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Survey: Data Breaches Send Customers Fleeing

We all know that data breaches can cost hundreds of thousands of dollars to remediate—but then there are those intangible costs too, such as brand damage. The effects of the bad publicity can be far-ranging: A study commissioned by Centrify found that 66% of adults in the US are at least somewhat likely to stop doing business with a company that has suffered a cyber-breach.

That number is even higher in the UK, where 75% said they are somewhat likely to stop doing business after a hack. And a fifth (21%) of US consumers say they are very likely to stop transacting with a business that has been hacked. The people most likely to take their business elsewhere include those who have had their personal information compromised in a hack, those who are tech savvy and those who are frequent online shoppers.

“The study clearly points to the need for organizations to dramatically bolster their security systems and do everything in their power to protect consumer information and prevent a breach,” said Tom Kemp, CEO of Centrify. “When companies put customer data at risk they are really putting their entire business at risk. Consumers simply will not tolerate doing business with hacked organizations. It’s time for organizations to take full responsibility for their security and put the proper measures in place once and for all.”

To some degree, most adults accept hacking as inevitable. About three-quarters say it is probably or definitely normal and expected for businesses and large organizations to be hacked. However, relatively few say this is definitely normal (21% in the US, 13% in the UK, 16% in Germany).

As a result, it’s critical that organizations implement technologies such as single sign-on and privileged account security, including session monitoring. Companies should also require multi-factor authentication for access to sensitive data, as mandated by the recently updated Payment Card Industry Data Security Standard. Those that fail to provide safeguards will pay the price: Most consumers believe that the burden of responsibility for hacks rests almost entirely on the businesses.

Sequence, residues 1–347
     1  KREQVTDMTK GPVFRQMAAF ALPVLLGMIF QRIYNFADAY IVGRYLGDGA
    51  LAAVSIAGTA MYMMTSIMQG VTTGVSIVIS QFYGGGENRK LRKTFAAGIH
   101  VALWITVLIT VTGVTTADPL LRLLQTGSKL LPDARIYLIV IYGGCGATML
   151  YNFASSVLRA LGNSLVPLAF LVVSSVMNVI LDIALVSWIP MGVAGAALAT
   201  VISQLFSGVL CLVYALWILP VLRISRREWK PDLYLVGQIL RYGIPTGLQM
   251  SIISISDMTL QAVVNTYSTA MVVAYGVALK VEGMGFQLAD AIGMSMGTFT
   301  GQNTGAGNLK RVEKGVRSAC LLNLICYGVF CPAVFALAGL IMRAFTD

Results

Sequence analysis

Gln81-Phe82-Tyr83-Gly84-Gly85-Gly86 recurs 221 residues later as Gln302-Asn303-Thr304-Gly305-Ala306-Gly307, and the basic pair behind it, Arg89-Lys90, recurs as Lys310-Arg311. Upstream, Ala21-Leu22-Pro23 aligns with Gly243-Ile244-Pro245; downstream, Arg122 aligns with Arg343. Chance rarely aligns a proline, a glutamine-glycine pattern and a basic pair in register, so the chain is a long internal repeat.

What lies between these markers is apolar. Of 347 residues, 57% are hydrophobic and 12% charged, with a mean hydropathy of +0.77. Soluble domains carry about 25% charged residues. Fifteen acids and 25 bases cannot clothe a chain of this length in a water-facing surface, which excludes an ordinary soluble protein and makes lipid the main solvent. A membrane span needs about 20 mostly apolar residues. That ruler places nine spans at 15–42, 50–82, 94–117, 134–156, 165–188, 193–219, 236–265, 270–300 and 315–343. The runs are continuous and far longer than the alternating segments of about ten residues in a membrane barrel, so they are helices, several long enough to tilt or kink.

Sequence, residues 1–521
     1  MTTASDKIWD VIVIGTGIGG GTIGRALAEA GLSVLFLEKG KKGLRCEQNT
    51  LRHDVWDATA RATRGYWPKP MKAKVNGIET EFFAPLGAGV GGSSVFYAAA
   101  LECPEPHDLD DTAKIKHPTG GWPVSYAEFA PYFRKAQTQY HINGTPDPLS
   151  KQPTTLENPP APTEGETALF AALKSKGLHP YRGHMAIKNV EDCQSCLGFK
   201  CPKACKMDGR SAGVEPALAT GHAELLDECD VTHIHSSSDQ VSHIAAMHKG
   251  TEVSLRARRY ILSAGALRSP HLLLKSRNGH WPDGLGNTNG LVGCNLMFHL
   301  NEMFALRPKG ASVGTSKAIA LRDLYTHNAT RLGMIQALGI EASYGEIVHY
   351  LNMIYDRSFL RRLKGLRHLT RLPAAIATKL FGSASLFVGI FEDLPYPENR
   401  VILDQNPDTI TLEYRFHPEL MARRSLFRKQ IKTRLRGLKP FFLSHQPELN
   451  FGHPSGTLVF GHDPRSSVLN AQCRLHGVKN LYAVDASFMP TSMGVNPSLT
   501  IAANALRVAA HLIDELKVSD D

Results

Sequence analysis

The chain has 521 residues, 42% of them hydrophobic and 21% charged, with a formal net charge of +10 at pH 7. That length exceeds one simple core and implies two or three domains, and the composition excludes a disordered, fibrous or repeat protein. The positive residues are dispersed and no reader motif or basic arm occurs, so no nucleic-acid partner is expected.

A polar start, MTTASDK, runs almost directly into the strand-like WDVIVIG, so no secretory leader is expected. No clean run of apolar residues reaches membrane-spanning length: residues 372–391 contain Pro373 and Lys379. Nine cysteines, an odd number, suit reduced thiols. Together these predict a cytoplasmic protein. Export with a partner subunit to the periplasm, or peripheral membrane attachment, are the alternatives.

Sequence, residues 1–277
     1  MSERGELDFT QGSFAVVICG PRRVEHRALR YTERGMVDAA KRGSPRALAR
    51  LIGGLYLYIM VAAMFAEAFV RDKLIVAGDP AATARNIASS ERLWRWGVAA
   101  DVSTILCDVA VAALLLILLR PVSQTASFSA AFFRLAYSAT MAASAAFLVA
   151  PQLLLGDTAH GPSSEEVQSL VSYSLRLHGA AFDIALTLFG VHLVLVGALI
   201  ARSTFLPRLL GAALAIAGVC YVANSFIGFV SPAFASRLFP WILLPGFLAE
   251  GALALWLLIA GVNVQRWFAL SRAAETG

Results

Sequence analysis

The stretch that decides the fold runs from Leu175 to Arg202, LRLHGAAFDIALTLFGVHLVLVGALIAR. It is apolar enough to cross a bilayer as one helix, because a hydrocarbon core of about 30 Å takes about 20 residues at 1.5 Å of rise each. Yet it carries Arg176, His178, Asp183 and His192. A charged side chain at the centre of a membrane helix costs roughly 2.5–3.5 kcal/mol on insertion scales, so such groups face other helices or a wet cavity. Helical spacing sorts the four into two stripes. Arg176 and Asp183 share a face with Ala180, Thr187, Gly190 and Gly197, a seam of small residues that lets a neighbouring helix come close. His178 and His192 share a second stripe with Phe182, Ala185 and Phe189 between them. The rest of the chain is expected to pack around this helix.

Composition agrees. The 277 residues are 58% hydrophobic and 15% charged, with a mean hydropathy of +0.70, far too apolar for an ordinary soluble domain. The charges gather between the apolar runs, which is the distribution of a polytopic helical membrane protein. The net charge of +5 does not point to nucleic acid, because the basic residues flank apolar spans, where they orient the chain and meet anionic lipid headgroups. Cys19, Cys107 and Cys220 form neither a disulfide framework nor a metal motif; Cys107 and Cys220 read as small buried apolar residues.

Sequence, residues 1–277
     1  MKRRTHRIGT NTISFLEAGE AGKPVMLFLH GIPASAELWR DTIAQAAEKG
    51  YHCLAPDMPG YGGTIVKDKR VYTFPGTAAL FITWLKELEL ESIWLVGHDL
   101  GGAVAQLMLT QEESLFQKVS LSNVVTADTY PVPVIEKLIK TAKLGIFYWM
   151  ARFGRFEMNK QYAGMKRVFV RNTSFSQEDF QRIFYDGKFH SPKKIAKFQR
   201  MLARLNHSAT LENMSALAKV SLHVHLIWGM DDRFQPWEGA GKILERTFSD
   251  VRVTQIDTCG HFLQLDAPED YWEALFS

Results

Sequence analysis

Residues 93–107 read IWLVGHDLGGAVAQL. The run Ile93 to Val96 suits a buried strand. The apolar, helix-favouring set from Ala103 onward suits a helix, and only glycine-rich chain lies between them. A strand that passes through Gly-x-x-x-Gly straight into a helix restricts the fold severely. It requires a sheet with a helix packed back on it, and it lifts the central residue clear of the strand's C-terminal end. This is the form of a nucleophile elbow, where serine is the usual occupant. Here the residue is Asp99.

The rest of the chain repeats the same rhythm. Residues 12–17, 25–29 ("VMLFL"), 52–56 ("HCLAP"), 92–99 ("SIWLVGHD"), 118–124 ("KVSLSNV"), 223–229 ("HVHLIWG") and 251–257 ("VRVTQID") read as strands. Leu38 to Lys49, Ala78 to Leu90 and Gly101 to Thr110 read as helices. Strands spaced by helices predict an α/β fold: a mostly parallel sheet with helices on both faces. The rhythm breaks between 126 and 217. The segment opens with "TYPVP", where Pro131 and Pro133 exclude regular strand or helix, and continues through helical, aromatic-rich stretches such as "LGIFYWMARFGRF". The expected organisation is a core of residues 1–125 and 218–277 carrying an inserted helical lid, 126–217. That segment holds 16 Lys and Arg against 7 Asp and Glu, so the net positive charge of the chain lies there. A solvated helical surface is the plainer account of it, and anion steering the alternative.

About two-thirds in each country rated corporations as a nine or 10 on a 10-point scale in terms of how responsible they should be for preventing hacks and securing the personal information of their customers.

What’s more, many adults are extremely likely to hold corporations fully accountable, with significant percentages saying that corporations are not taking enough responsibility when they do get hacked (41% in the US, 50% in the UK, 38% in Germany).

Financial institutions have the best reputation when it comes to dealing with hacks relative to other industries. They received the most number one, two or three rankings among seven different industries in terms of how well they handle security issues for their customers. Medical and health organizations were a clear second place (in being ranked first, second or third) of the seven industries, despite high-profile comprises on Anthem and the like; followed by government. However, there is less faith in retail businesses, which ranked fourth of seven in each country, and travel sites, which ranked fifth of seven in each country. Bringing up the rear were membership and hospitality businesses, which received the lowest rankings by a wide margin.

The good news is that, when companies are hacked, they are not engaging in cover-ups or trying to sweep the incident under the rug. Instead, they are increasingly going public with the news and notifying their customers directly. The study found that in terms of businesses proactively dealing with breaches, about half the respondents in the US, one-third in the UK and one-quarter in Germany were notified of a hack. In each of those groups, between 45% and 53% say they learned from the company that their personal information was compromised.

Also, about 61% of US consumers were advised by the hacked organization to carefully monitor all bank account transactions and 59% were asked to change their passwords. By contrast, just 33% of respondents said they were advised to request alerts, and less than a third of respondents were advised to consider a security freeze or use multi-factor authentication.

Photo © Sam72

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